Now one-week later Aiden waited for Vivek to enter, and he mentally rehearsed his practice, thinking about terms like “whitelisting’, mergers and acquisitions, franchising.  When to brainstorm and when to drill down, and finally a sense of calm.  He visualized single-leg and double-leg takedowns from his high-school wrestling matches.  Vivek showed up.  He was tall, slender, clean shaven and short cropped fade.  He wore Salvatore Ferragamo driving moccasins and a tailored suit.  He looked 30.

Reserved, Vivek asked, “Are you Aiden?”

“Yes,” Aiden smiled.

Vivek sighed and said, “Ok, follow me.”

Aiden complied as they ventured down the corridor, and then down a set of glass stairs with a glorious view of the Michigan mile and ubiquitous snacks.  The doors were clear glass and Aiden sat down facing Vivek with his back to the door.

Stone-faced, Vivek asked, “So, tell me a little about yourself?”

An open-ended fit interview.  Aiden had worked on his autobiography; he knew to keep it under two minutes.

“Well, I grew up in a small town on Lake Superior.  We had a boat, and I spent a lot of my childhood out on the water.  My Mom was an avid reader, so we had these leather-bound Time/Life books.  I was enamored by the lives of great people, especially great explorers like Vasco de Gama, Magellan, Marquis de Lafayette, their fearlessness, and their desire to explore the vast expanses of the ocean, to go into the unknown.  I read about the lives of the astronauts.  As I grew up this desire for exploration was transmuted into a psychonautical one, I wanted to remake images and persuade others to strive to reach their potential for greatness.  I also enjoyed meeting people, and so out of college I took a job in sales.  I have a good record at it, but I was in health insurance and the market shifted directions.  My restless nature has me perpetually looking to the depths just like when I was a child.  Mackenzie offers me the challenges to take on big projects, and travel like I always enjoyed.  So, to prepare for consulting I earned an executive MBA at the Illinois School of Business.”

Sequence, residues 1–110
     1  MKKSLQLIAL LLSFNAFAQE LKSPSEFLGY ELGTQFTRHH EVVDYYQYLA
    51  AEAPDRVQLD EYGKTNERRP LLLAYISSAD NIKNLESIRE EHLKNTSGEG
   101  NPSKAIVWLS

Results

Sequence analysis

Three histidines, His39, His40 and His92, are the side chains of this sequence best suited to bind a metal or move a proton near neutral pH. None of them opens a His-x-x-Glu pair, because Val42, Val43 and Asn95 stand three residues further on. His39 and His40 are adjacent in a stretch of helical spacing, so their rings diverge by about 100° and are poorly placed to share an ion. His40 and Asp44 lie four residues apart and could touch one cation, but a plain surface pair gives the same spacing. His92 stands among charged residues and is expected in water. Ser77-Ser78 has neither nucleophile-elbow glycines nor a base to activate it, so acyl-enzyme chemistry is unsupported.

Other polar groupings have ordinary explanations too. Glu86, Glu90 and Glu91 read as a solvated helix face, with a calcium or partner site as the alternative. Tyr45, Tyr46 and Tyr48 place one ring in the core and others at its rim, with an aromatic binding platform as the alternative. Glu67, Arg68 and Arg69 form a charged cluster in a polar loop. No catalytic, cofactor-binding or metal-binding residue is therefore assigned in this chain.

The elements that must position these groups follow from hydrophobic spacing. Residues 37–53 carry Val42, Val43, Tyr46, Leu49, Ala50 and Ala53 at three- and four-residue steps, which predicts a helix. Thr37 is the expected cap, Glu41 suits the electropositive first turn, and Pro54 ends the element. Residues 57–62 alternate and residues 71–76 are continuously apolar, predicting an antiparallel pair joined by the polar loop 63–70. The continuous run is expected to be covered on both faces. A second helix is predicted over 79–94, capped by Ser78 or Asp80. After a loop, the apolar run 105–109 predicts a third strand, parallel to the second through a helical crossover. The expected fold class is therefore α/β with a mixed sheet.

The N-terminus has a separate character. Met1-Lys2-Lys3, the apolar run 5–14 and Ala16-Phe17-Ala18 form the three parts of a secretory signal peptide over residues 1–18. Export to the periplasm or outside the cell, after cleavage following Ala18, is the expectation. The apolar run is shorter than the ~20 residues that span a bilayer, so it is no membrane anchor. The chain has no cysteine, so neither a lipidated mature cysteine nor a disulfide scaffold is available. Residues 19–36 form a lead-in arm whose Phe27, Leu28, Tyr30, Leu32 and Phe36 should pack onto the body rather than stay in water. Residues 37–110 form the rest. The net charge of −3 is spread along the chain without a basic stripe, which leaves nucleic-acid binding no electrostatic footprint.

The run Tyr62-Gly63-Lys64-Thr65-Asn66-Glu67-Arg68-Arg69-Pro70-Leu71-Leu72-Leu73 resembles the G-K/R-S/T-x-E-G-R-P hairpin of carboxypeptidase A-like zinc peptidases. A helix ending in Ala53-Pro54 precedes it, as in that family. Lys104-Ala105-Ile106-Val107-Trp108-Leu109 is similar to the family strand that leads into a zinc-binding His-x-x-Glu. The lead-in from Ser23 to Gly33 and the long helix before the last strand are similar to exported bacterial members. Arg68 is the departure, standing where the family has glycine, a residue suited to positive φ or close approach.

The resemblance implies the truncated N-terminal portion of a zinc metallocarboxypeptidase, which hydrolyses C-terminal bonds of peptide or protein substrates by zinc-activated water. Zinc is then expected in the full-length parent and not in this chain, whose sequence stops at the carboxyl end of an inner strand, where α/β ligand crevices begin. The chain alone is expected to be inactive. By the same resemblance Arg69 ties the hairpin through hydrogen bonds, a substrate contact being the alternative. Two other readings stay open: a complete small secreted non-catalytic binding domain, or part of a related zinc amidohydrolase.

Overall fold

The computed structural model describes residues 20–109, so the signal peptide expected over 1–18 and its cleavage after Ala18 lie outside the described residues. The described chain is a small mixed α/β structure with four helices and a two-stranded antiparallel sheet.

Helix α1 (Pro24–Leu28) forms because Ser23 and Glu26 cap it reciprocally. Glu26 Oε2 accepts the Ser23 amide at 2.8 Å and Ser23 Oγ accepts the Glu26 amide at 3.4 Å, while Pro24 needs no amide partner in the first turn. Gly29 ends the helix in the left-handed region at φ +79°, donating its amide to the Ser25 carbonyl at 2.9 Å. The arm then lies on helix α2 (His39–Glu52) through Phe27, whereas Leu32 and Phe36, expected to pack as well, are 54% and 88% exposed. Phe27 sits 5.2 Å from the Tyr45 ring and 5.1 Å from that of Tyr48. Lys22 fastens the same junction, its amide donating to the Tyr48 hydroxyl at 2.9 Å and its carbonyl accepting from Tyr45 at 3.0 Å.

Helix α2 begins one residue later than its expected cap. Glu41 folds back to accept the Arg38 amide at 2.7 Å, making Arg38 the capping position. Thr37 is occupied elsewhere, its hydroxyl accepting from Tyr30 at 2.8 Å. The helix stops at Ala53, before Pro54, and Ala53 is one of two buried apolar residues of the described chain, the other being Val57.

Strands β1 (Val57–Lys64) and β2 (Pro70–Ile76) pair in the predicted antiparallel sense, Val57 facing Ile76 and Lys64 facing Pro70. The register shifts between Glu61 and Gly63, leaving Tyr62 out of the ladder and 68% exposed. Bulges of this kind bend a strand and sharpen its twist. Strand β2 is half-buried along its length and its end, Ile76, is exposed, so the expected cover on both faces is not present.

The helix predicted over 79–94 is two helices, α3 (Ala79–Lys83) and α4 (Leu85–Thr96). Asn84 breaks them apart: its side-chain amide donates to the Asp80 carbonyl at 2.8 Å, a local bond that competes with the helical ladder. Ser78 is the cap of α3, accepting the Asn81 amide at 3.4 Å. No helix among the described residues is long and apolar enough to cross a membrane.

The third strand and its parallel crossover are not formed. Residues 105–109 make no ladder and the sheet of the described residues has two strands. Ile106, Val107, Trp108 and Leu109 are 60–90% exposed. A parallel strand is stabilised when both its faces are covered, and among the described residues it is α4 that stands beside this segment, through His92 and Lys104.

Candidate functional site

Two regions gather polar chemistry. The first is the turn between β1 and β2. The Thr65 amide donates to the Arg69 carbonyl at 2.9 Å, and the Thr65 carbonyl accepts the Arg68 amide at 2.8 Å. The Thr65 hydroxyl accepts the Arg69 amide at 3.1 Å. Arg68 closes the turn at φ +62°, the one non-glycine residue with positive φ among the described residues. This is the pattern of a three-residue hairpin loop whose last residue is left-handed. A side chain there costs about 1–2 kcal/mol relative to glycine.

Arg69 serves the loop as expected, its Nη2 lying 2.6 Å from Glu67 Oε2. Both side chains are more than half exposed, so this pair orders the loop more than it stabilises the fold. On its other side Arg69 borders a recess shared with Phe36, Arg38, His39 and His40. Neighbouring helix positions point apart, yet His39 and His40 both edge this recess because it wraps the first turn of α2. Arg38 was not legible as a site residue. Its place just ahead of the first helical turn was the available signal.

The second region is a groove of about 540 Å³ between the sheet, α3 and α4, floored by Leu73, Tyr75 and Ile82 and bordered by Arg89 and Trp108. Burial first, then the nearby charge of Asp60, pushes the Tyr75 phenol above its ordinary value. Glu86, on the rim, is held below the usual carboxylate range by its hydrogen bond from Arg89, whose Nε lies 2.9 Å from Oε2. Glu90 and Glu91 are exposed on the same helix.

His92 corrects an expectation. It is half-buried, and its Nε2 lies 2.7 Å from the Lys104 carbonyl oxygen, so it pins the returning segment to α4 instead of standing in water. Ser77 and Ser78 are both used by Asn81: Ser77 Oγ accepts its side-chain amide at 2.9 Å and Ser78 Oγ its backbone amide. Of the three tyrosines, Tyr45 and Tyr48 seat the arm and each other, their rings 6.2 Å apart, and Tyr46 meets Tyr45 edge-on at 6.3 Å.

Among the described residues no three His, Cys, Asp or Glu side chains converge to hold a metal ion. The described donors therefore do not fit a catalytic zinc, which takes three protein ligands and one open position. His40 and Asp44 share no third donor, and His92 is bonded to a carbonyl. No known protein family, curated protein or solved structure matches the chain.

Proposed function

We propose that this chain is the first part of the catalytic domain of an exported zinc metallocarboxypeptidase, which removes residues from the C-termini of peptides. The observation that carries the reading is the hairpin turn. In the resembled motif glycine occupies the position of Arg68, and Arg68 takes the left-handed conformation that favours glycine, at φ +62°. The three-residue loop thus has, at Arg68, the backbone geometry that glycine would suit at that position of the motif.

Not quite interjecting, Vivek offered, “Bloomington’s a good state school.”   Then Vivek slightly winced and said, “Look, I don’t really understand where you are coming from.  I grew up in Karachi, which is a city of 14 million.  In high school in Karachi, there were 50 students in my class, and there were 20 classes in my grade.  Out of one thousand students, do you know who the Valedictorian was?”  A rhetorical question, as Vivek pointed to himself. Vivek continued, “I won a scholarship to the Capital University in Islamabad, enrolled in business classes.  My goal was to work for Mackenzie, so I could buy my parents a house on the outskirts of Karachi.  My goal now is to make partner for Mackenzie and help to shape the global marketplace.” And with that, Vivek cracked a predatory smile.